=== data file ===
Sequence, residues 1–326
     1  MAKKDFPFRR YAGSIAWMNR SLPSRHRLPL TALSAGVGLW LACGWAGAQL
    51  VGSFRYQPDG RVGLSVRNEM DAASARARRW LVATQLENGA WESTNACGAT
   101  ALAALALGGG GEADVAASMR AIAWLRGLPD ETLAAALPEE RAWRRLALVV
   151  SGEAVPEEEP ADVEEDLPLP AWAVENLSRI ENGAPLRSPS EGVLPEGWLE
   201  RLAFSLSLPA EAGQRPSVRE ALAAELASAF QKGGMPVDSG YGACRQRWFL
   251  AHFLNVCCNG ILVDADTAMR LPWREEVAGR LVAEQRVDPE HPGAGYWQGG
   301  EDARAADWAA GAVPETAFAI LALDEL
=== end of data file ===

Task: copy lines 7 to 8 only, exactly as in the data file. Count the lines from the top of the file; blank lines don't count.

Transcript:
   251  AHFLNVCCNG ILVDADTAMR LPWREEVAGR LVAEQRVDPE HPGAGYWQGG
   301  EDARAADWAA GAVPETAFAI LALDEL